Well, our Duck Dynasty friends have found themselves in the news again. The show has been something of an inexplicable (to me, at least) pop culture phenomenon. Not since Jeff Foxworthy’s “you might be a redneck” routines has redneck culture been so prominent and acceptable and marketable.
But this time Duck Dynasty finds itself on the receiving end of a media backlash that one could predict with just a little exposure to our current cultural climate on sexuality. The now infamous GQ interview with Mr. Phil Robertson has caused something of a furor surrounding the surprisingly popular Duck Dynasty show.
Watching from the distance of a Caribbean island, which is not to be confused with watching from an impartial distance, several ironies surface for me.
1. It’s ironic that a “vulgar” rejection of certain sexual acts cannot co-exist with visual and verbal sexual vulgarity itself.
2. It’s ironic that “vile” remarks are rejected while the vile acts they describe are celebrated.
3. It’s ironic that an end to the censorship of certain sex acts should be accompanied by the use of censorship.
4. It’s ironic that one’s job can be taken away because of their view of human sexuality while sexual orientation is protected against job descrimination.
5. It’s ironic that young girls can parade themselves as hyper-sexualized beings on major awards shows and older men be vilified for graphically expressing their sexual interest.
6. It’s ironic that “wisdom” on the side of normative sexual ethics requires the use of rhetorical restraint while “tolerance” of deviant sexual ethics includes acceptance of rhetorical abandonment, recklessness and provocation.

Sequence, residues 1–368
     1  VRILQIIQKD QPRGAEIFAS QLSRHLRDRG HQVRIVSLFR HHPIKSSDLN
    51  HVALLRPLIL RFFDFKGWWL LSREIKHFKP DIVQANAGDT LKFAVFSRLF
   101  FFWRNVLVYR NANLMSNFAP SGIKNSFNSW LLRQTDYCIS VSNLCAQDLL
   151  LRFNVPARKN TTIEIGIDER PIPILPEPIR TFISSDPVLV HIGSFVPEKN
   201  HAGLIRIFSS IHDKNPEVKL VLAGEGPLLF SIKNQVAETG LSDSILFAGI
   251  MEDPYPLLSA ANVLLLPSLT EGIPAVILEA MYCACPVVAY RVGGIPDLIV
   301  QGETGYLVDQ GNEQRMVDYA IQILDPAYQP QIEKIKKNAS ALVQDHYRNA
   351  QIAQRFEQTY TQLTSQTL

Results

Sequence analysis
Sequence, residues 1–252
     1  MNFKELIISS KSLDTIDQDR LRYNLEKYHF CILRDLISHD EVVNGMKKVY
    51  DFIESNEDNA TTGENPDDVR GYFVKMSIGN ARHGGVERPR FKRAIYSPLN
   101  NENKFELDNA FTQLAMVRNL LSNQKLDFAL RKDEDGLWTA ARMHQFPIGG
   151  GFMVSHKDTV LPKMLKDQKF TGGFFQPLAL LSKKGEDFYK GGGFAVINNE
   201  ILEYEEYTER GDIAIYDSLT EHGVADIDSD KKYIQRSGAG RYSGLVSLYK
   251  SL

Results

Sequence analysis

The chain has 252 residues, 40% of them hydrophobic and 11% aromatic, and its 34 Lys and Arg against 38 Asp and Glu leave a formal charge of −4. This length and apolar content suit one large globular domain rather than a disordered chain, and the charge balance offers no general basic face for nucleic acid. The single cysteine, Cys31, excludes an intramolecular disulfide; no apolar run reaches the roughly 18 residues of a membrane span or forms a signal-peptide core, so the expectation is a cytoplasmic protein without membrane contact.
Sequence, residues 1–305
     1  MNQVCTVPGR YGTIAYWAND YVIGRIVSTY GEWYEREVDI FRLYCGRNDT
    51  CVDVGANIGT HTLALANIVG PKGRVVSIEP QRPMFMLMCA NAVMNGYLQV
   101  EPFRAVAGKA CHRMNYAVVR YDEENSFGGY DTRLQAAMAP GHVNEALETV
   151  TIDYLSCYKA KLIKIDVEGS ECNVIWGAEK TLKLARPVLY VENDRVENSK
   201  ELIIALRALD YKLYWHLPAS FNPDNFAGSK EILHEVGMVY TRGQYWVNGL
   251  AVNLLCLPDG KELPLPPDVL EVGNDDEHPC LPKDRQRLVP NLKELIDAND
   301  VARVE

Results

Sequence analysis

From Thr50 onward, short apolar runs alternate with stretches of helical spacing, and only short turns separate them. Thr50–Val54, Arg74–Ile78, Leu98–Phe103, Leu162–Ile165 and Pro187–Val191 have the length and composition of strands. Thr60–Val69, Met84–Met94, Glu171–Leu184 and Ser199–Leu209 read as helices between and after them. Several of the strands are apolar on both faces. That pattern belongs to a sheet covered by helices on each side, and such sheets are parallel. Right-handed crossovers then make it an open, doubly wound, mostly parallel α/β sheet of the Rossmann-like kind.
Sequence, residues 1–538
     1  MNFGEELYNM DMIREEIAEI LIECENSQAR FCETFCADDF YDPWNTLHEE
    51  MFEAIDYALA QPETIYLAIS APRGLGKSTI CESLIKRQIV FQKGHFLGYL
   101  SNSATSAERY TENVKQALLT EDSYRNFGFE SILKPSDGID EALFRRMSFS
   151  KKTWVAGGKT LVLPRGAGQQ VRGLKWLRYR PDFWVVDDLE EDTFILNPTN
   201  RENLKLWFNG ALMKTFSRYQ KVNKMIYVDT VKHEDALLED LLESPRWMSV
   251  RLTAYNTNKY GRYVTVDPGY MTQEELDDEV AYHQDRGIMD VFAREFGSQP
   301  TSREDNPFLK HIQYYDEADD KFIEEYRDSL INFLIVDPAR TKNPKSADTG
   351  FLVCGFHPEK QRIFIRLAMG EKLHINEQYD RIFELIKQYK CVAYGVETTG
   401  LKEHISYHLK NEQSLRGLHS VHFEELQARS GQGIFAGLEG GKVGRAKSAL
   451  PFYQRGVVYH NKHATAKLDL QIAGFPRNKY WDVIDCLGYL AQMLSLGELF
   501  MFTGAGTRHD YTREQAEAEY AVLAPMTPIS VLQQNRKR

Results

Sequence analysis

Whatever one thinks of Mr. Robertson’s comments in GQ magazine, Americans should all agree that he has a First Amendment right to make them. And, frankly, in a public debate characterized by a lot of raw, unrestrained demonstration, we seriously need to reflect on the terms of engagement in this debate. As you may know, I think Mr. Robertson spoke what a lot of people think and feel but are not accustomed to expressing–for good or ill. His visceral reaction is the reaction of most who stop to think about the actions in question. That he should be beaten up for it is expected. That many should stand by quietly while he is… is sad. Soon they’ll come around for us, too. Which raises the big question of whether or not, at the risk of being rejected, every American citizen will insist on the kind of public debate that makes room for every opinion–whether or not we agree. We don’t have to confer legitimacy on every opinion or even engage everyone who speaks to an issue. But we should make sure that the freedom to speak freely is protected and honored.